“Business complications do strange things to our patriotism and to our ethics,” Eleanor Roosevelt wrote in 1945. It has taken half a century, but historians are responding to her indirect appeal to confront US corporations that supported Nazi Germany.
In the past decade, particularly in Germany, a number of historians such as Ulrich Herbert and Karl Heinz Roth have turned away from cold war academic debates and traditional approaches to pursue research from the bottom up, studying regions and cities where Nazi crimes occurred, recording oral histories and writing about forgotten victims. Such studies have led to the corporate institutions that benefited from human suffering.
Corporate policies and practices during World War II, often extreme but not isolated, point to related activities of multinationals today. The ways used by big business “to pursue profits and interests abroad by the means they see fit, regardless of the costs to foreign peoples, have not been reformed,” writes Nicholas Levis, co-author of Working for the Enemy.
Working for the Enemy and IBM and the Holocaust are two new works flowing from this stream of historiography, and they demonstrate that while US corporate giants such as Ford, General Motors and IBM were among the powers that be, patriotism and ethics held little place in their worldview. So-called corporate neutrality as expressed in 1938 by Alfred Sloan, president of GM, meant that an international business “should conduct its operations in strictly business terms, without regard to the political beliefs…of the country in which it is operating.” Following this approach, James Mooney, GM’s most important executive in Europe before the war, worked closely with the Nazis, and Henry Ford before and during the war oversaw the production of hundreds of thousands of vehicles for the Third Reich.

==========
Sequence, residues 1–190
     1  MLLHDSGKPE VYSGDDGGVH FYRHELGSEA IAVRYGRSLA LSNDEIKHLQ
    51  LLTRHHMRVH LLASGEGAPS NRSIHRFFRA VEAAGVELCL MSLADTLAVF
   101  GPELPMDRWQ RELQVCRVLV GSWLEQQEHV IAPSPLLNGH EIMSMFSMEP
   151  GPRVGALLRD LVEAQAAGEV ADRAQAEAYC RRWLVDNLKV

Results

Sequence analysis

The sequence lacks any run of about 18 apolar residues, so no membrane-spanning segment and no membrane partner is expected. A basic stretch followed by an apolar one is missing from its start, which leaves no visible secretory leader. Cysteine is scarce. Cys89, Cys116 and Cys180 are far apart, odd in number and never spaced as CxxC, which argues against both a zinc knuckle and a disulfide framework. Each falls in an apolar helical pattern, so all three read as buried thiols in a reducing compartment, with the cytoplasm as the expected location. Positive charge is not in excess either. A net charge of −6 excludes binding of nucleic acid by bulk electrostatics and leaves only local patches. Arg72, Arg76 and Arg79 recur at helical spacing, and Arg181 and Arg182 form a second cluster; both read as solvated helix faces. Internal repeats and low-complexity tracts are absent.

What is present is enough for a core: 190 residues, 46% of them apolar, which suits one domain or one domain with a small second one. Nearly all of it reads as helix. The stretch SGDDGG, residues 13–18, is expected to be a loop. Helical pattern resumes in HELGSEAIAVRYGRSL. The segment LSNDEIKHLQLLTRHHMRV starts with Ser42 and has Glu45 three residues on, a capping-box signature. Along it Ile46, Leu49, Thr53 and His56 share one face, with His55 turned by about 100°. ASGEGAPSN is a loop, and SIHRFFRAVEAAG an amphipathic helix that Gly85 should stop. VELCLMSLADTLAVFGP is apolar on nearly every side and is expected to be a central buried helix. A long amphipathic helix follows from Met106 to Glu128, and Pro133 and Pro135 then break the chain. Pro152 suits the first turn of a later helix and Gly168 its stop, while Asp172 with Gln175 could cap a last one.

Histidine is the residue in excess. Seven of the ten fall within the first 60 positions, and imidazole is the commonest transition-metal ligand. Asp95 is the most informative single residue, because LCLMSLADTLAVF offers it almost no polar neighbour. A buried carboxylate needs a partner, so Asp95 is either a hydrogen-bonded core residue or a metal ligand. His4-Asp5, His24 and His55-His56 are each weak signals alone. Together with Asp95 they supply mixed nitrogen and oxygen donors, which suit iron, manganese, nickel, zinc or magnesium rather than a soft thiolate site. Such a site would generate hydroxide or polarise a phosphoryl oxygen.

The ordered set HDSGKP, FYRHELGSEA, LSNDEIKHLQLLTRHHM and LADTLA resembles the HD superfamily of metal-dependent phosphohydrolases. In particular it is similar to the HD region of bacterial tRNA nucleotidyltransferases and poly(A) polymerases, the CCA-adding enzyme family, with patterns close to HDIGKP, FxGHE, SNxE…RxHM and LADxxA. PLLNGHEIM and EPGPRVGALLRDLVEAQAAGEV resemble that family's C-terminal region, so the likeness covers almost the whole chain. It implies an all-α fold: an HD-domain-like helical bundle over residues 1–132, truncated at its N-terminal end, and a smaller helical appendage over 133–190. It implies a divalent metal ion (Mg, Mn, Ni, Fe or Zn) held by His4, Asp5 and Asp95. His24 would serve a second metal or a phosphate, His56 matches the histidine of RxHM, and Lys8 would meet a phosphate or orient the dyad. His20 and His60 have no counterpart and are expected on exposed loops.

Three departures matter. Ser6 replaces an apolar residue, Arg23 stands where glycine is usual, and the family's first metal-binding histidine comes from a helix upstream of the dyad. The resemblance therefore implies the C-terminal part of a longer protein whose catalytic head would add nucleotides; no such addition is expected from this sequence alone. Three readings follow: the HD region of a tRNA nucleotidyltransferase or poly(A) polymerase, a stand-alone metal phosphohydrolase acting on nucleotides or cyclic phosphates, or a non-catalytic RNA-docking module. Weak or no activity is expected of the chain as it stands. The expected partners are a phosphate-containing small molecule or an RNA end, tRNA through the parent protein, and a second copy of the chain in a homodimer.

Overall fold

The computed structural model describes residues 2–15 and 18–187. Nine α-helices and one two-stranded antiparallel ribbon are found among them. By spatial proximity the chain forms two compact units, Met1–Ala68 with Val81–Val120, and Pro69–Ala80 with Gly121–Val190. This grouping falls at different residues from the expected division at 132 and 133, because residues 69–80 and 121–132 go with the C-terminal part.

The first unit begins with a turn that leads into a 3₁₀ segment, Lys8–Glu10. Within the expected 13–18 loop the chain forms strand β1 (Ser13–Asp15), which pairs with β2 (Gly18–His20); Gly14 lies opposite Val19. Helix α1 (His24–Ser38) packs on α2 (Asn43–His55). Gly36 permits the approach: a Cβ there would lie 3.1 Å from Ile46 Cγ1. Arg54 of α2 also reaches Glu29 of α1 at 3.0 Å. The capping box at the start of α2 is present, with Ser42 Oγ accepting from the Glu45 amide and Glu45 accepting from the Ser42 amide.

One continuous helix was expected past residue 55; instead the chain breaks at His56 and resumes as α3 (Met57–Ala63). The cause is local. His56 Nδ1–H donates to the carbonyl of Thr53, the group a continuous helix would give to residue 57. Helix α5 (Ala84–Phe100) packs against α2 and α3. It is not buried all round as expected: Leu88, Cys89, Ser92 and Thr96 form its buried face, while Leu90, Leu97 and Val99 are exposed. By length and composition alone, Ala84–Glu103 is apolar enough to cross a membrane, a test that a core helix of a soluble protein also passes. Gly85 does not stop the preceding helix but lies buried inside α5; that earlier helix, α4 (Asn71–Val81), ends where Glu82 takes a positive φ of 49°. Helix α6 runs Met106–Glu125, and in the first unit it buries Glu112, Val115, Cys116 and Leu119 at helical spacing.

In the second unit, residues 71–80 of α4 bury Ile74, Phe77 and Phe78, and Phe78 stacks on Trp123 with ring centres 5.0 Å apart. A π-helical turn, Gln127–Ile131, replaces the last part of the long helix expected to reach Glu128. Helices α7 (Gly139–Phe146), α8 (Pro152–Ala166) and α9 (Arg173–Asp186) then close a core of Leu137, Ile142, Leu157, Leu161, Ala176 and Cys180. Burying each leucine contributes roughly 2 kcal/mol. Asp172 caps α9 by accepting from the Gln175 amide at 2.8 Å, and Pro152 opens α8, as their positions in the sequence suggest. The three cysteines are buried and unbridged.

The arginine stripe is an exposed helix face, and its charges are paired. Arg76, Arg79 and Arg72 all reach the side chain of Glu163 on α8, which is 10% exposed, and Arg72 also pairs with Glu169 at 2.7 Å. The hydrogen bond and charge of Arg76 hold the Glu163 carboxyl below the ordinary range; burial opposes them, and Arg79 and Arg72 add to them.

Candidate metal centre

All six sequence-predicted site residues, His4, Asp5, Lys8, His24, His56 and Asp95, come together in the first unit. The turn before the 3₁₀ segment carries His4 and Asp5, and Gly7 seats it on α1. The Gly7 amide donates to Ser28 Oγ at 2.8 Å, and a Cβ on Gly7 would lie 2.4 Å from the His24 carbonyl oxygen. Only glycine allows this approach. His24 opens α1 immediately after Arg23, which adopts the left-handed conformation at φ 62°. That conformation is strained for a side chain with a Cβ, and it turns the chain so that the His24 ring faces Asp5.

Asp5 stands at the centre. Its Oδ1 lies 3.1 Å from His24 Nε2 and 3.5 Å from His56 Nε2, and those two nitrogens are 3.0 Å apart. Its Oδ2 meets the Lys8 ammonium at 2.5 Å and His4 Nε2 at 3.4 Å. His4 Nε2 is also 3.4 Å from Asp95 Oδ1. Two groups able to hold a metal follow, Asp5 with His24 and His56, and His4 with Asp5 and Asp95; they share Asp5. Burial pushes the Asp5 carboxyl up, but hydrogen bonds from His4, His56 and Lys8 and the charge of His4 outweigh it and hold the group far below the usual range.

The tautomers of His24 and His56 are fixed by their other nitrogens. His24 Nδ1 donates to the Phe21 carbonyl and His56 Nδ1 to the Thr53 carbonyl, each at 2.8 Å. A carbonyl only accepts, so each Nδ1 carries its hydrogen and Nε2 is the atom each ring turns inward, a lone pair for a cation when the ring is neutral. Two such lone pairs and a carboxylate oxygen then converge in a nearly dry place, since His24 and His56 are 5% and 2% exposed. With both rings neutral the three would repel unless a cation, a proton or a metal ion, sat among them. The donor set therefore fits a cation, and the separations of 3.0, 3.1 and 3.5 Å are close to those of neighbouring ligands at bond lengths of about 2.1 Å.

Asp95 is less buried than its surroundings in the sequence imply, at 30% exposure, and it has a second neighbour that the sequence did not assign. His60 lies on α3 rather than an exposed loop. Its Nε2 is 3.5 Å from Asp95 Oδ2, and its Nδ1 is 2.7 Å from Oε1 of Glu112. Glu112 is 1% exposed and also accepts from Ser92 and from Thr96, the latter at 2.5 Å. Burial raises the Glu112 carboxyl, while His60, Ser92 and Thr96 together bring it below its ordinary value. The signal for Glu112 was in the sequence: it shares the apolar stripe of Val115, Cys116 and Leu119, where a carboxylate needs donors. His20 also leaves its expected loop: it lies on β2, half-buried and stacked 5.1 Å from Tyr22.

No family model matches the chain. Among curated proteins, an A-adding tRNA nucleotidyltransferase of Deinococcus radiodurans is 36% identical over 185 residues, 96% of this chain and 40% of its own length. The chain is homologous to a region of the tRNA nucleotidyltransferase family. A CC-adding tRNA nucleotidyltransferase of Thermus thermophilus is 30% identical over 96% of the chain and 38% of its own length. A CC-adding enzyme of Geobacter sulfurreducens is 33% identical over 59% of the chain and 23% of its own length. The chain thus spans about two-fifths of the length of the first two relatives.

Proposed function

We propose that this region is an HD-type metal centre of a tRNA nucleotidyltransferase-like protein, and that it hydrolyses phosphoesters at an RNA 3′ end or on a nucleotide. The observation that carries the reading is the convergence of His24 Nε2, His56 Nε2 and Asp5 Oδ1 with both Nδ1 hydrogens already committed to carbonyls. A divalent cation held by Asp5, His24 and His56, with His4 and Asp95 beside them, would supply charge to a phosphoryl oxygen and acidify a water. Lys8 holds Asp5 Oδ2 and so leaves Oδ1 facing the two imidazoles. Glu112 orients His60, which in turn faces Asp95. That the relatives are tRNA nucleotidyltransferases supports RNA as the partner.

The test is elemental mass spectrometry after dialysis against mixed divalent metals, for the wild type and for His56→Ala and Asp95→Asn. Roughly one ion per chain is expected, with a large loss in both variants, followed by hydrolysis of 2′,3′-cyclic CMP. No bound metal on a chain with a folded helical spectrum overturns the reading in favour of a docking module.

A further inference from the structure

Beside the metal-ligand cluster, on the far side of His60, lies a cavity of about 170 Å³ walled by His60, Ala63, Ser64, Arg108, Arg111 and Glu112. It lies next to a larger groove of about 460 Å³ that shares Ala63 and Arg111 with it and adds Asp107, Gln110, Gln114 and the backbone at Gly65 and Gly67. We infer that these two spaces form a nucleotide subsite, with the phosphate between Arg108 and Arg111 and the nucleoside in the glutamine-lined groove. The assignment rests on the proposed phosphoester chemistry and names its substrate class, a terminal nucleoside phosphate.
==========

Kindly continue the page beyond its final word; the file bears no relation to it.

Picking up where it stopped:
As Edwin Black confirms in IBM and the Holocaust, the driving force behind IBM’s support of the Nazis was its chairman, Thomas Watson, who had risen from a horse-and-buggy peddler to head IBM and become America’s leading corporate statesman. Watson was one of Hitler’s foremost defenders here. He valued Germany as an important market, the largest after the United States. During the 1930s he traveled frequently to Germany, micromanaging Dehomag, IBM’s subsidiary. When worldwide anti-German protests and boycott actions raised questions about dealing with the Third Reich, Watson’s “corrugated scruples” avoided any moral dilemmas.
Throughout the 1930s IBM’s German profits soared as Watson greatly expanded Dehomag’s operations. In recognition of Watson’s support, Hitler awarded him the Merit Cross of the German Eagle in 1937. (Henry Ford and James Mooney also received medals from Hitler.)
IBM and the Holocaust is an ambitious book. The result of arduous research, it reveals in detail how IBM’s Hollerith punch-card machines facilitated and hastened the Holocaust. (The process, a forerunner of the computer, was invented in the 1880s by Herman Hollerith, an American of German ancestry. A Hollerith card contained standardized holes, each representing a different variable to be measured. The card would then be fed into a “reader” machine, which tabulated the specified series of punched holes.) “From the very first moments and continuing through the twelve year existence of the Third Reich,” writes Black, “IBM placed its technology at the disposal of Hitler’s program of Jewish destruction and territorial domination.”
As early as the German census of 1933, in “an unparalleled accomplishment for IBM,” the Holleriths provided “profession-by-profession, city-by-city, and indeed a block-by-block revelation of the Jewish presence.” Besides counting people, IBM’s Hollerith machines performed a number of functions, including scheduling trains, tabulating aircraft engines and counting bank transfers.
But it was in the deportations to concentration camps that IBM technology was put to its most terrible use. At the Wannsee conference, where the Final Solution was implemented, two Hollerith experts were present. A Hollerith department operated at nearly every concentration camp, and Holleriths tracked forced laborers at Flossenburg and other slave-labor camps. “Without IBM’s machinery, continuing upkeep and service, as well as the supply of punch cards, Hitler’s camps could have never managed the numbers they did,” Black concludes. To illustrate the importance of the Holleriths in aiding the Holocaust he offers two case studies: Holland and France.